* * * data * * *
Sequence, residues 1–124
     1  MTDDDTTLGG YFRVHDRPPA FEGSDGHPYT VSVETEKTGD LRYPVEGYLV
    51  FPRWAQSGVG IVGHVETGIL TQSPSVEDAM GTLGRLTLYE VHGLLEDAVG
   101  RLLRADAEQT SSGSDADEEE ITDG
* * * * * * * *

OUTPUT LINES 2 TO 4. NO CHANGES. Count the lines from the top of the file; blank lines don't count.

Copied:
     1  MTDDDTTLGG YFRVHDRPPA FEGSDGHPYT VSVETEKTGD LRYPVEGYLV
    51  FPRWAQSGVG IVGHVETGIL TQSPSVEDAM GTLGRLTLYE VHGLLEDAVG
   101  RLLRADAEQT SSGSDADEEE ITDG